State v. Moore, 370 N.C. 338 (Dec. 8, 2017)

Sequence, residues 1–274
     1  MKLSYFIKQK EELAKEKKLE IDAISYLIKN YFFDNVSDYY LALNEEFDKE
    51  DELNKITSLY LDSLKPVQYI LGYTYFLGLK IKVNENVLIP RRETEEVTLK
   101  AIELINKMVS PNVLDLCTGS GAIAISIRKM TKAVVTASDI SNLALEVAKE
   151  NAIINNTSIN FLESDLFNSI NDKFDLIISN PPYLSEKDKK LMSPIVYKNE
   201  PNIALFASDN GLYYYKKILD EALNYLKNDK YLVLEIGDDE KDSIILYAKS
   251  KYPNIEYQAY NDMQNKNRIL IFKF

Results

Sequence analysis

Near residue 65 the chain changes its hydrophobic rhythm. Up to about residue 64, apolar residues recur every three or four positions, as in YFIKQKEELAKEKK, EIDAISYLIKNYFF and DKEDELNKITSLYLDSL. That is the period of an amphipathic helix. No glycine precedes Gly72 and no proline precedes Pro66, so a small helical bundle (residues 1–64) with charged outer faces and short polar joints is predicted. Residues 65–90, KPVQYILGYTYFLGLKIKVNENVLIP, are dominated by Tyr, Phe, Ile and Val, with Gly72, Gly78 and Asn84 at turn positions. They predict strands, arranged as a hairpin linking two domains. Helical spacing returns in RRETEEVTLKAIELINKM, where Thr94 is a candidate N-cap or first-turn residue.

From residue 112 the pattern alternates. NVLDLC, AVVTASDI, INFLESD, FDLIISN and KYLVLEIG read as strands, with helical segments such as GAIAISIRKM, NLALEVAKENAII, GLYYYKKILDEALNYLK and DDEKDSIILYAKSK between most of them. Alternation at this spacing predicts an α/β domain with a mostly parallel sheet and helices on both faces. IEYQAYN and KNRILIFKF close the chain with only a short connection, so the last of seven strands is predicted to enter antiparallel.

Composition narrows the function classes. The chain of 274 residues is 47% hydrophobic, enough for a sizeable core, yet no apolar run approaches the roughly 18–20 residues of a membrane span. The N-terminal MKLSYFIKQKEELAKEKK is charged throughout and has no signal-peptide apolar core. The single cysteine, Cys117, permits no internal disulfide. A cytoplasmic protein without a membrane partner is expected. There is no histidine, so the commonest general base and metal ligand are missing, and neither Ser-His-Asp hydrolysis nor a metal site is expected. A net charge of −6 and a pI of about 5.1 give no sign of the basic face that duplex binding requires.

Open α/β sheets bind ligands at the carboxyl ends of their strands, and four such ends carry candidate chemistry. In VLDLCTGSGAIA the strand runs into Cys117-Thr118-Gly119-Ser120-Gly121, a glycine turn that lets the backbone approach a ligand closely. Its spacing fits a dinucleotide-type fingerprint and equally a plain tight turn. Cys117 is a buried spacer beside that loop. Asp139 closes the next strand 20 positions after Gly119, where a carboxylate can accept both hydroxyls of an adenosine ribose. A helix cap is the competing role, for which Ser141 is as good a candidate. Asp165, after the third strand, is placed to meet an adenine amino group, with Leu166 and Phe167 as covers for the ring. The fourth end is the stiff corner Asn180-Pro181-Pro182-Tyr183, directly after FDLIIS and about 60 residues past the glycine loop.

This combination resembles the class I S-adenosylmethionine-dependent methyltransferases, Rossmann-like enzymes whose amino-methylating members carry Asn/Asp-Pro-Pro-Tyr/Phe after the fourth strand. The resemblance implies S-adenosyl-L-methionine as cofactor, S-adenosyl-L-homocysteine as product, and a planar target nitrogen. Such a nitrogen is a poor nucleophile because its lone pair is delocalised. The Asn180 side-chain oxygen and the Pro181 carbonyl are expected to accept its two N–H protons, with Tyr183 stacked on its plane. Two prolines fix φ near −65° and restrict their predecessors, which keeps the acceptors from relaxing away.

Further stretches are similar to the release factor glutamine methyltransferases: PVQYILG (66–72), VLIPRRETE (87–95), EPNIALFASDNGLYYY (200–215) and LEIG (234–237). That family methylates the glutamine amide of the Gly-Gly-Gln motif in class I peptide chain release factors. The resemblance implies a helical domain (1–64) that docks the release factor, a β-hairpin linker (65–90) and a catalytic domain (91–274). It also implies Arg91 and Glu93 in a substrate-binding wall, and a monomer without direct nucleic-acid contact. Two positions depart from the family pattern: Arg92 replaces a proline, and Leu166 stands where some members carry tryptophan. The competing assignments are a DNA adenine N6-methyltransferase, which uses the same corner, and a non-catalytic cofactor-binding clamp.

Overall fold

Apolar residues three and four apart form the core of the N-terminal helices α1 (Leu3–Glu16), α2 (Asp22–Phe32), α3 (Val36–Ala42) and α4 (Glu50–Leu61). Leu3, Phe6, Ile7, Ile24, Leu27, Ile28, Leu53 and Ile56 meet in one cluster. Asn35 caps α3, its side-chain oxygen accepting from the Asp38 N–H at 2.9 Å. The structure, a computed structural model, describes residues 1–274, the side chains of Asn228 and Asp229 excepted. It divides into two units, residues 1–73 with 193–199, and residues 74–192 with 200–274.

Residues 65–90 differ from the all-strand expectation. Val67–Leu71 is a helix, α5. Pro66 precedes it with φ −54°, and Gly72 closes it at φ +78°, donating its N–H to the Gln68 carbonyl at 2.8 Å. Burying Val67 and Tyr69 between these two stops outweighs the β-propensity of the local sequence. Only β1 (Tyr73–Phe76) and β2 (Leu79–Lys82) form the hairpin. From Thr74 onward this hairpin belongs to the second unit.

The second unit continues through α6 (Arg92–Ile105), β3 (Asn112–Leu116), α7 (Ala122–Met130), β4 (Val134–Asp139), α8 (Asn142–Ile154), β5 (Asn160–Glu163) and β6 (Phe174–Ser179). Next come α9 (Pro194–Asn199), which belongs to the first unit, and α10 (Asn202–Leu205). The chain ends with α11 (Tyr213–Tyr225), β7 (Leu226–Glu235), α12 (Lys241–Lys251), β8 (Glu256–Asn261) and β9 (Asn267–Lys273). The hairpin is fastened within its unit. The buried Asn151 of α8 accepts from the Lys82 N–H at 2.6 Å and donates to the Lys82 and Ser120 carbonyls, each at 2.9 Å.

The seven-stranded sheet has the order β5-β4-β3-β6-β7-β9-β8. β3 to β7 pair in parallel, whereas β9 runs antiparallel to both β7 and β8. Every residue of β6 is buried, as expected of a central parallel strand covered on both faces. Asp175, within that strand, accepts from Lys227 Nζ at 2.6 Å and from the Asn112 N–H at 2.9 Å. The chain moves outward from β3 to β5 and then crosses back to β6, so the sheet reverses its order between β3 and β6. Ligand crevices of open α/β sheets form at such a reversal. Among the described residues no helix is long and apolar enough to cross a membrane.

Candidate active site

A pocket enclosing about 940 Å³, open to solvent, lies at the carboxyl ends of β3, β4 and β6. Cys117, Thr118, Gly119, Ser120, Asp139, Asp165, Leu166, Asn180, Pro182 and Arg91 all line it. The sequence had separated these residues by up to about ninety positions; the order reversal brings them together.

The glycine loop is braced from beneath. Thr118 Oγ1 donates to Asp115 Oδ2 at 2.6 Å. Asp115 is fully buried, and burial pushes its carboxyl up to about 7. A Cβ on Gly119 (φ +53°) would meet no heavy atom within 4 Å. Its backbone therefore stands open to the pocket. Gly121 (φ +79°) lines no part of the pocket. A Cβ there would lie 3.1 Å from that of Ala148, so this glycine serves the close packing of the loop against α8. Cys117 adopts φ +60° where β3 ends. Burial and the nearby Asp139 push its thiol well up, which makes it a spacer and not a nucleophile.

On appeal from a divided panel of the Court of Appeals, ___ N.C. App. ___, 795 S.E.2d 598 (2016), the court modified and affirmed the decision below, holding that the defendant received adequate notice of his probation revocation hearing pursuant to G.S. 15A-1345(e). The trial court revoked the defendant’s probation for violating the condition that he commit no criminal offenses, specifically fleeing to allude arrest and no operator’s license. On appeal, the defendant argued that because the probation violation reports did not specifically list the “commit no criminal offense” condition as the condition violated, the statutory notice requirement was not satisfied. The court determined that the issue was one of first impression. The statute requires that the State give the probationer notice of the hearing and its purpose, including a statement of the violations alleged. The words “violation” and “violations” as used in the statute refer to violations of conditions of probation. It follows that the phrase “statement of the violations alleged” refers to a statement of what the probationer did to violate his conditions of probation. It does not require a statement of the underlying conditions that were violated. The court also overruled post-Justice Reinvestment Act cases decided by the Court of Appeals that had created a different notice requirement. Here, the State sought to prove that the defendant had violated the condition that he commit no criminal offense. Thus, the notice needed to contain a statement of the actions the defendant allegedly took that constituted a violation of the probation— that is, a statement of what the defendant actually did that violated a probation condition. The defendant received proper notice when the violation report named the specific offenses that the defendant was alleged to have committed, listing his pending criminal charges.